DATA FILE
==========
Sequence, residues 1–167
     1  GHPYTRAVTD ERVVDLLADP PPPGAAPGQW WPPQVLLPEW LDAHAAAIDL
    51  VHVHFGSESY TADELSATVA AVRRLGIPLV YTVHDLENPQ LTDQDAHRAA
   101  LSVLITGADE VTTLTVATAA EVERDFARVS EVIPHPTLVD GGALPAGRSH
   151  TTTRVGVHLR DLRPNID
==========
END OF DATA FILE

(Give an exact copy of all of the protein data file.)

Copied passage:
Sequence, residues 1–167
     1  GHPYTRAVTD ERVVDLLADP PPPGAAPGQW WPPQVLLPEW LDAHAAAIDL
    51  VHVHFGSESY TADELSATVA AVRRLGIPLV YTVHDLENPQ LTDQDAHRAA
   101  LSVLITGADE VTTLTVATAA EVERDFARVS EVIPHPTLVD GGALPAGRSH
   151  TTTRVGVHLR DLRPNID